Saving New Mexico's Organ Mountains
The Organ Mountains form the rugged backdrop to Las Cruces, New Mexico’s second-largest city. In those mountains are hundreds of thousands of acres of desert grasslands, sky island mountain peaks, canyons, arroyos, historic features from both Native Americans and early Spanish settlers, and an abundance of plant and animal diversity. In fact, the mountain range is the most botanically diverse in the state, home to a rich assortment of ferns, lichens, mosses, and several plant species that exist nowhere else in the world. Mountain lions, javelina, mule deer, quail, and countless other animals call this area home.
Unfortunately, these one-of-a-kind lands are facing a variety of threats. Las Cruces and the surrounding regions is one of the most rapidly expanding areas of New Mexico and along with that growth comes the resulting urban sprawl. As the population has grown, destructive off-road vehicle use has also risen dramatically. And very recently, proposals have multiplied for destructive energy development and rare earth mineral mining. However, a significant portion of this area can still be saved through a National Monument designation.
The proposed monument would encompass more than 600,000 acres of mountain ranges, lava flows, ancient archaeological sites, prehistoric petroglyphs, and pristine wildlife habitat. The idea is widely supported by local businesses, tribal groups for which the land is sacred, dozens of notable Hispanic leaders across the state, local city governments and county commissions, to name a few. You can check out a full list of supporters at this site.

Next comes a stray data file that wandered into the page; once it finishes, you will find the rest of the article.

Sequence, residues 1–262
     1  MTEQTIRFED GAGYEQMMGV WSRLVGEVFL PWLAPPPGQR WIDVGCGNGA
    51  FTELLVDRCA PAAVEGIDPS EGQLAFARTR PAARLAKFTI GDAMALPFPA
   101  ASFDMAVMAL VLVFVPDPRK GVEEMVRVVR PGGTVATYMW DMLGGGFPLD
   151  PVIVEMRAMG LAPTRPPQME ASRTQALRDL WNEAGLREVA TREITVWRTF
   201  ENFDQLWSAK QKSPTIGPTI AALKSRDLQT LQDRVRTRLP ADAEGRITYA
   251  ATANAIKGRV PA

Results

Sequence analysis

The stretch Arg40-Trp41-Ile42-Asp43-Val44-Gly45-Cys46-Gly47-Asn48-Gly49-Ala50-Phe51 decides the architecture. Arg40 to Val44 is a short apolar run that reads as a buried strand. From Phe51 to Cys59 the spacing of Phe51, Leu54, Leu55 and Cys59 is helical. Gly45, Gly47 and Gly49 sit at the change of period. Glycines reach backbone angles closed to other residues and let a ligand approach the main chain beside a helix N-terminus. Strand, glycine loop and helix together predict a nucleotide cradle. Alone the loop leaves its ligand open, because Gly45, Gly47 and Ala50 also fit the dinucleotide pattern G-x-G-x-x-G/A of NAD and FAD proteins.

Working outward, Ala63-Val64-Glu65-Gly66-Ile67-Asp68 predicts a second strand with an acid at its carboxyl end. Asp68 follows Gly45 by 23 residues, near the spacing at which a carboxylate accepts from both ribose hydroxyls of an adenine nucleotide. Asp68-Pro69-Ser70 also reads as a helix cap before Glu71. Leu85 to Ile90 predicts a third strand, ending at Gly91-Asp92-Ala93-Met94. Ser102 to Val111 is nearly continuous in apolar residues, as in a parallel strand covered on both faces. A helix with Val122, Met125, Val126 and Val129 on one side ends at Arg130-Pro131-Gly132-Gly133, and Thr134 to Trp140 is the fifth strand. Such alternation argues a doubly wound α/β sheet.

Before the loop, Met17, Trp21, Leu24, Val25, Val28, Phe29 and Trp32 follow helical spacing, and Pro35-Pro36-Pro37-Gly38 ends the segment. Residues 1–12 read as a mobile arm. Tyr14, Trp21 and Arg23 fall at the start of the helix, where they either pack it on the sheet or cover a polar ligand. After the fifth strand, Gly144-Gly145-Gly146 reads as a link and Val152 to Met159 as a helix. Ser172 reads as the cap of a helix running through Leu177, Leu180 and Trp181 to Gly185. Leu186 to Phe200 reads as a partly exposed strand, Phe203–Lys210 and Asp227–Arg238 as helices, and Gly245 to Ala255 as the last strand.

A monument designation would also work to protect the sort of recreational activities that are drawing people in droves to Las Cruces. Tourism brings more than $5.7 billion every year to New Mexico. Of that, outdoor recreation contributes $3.8 billion to the state annually and supports 43,000 jobs. This is testament to the fact that protected public lands are one of New Mexico’s most important economic drivers. Visitation at the nearby White Sands National Monument and Carlsbad Caverns National Park has some of the most significant economic impacts in the entire state where visitors there alone spent $39 million every year. Headwaters Economics recently undertook a study of the region and found that the economy surrounding the proposed monument is one of the fastest growing in the state, in no small part because of the quality of life afforded by the surrounding public lands. The finding reinforces an earlier study highlighting the economic potential of additional protections for public lands near Las Cruces.
A National Monument designation would be good for wildlife, good for recreationalists, good for the unique cultural and historical landscape, and good for the economy.
By Matt Kirby, photo courtesy BLM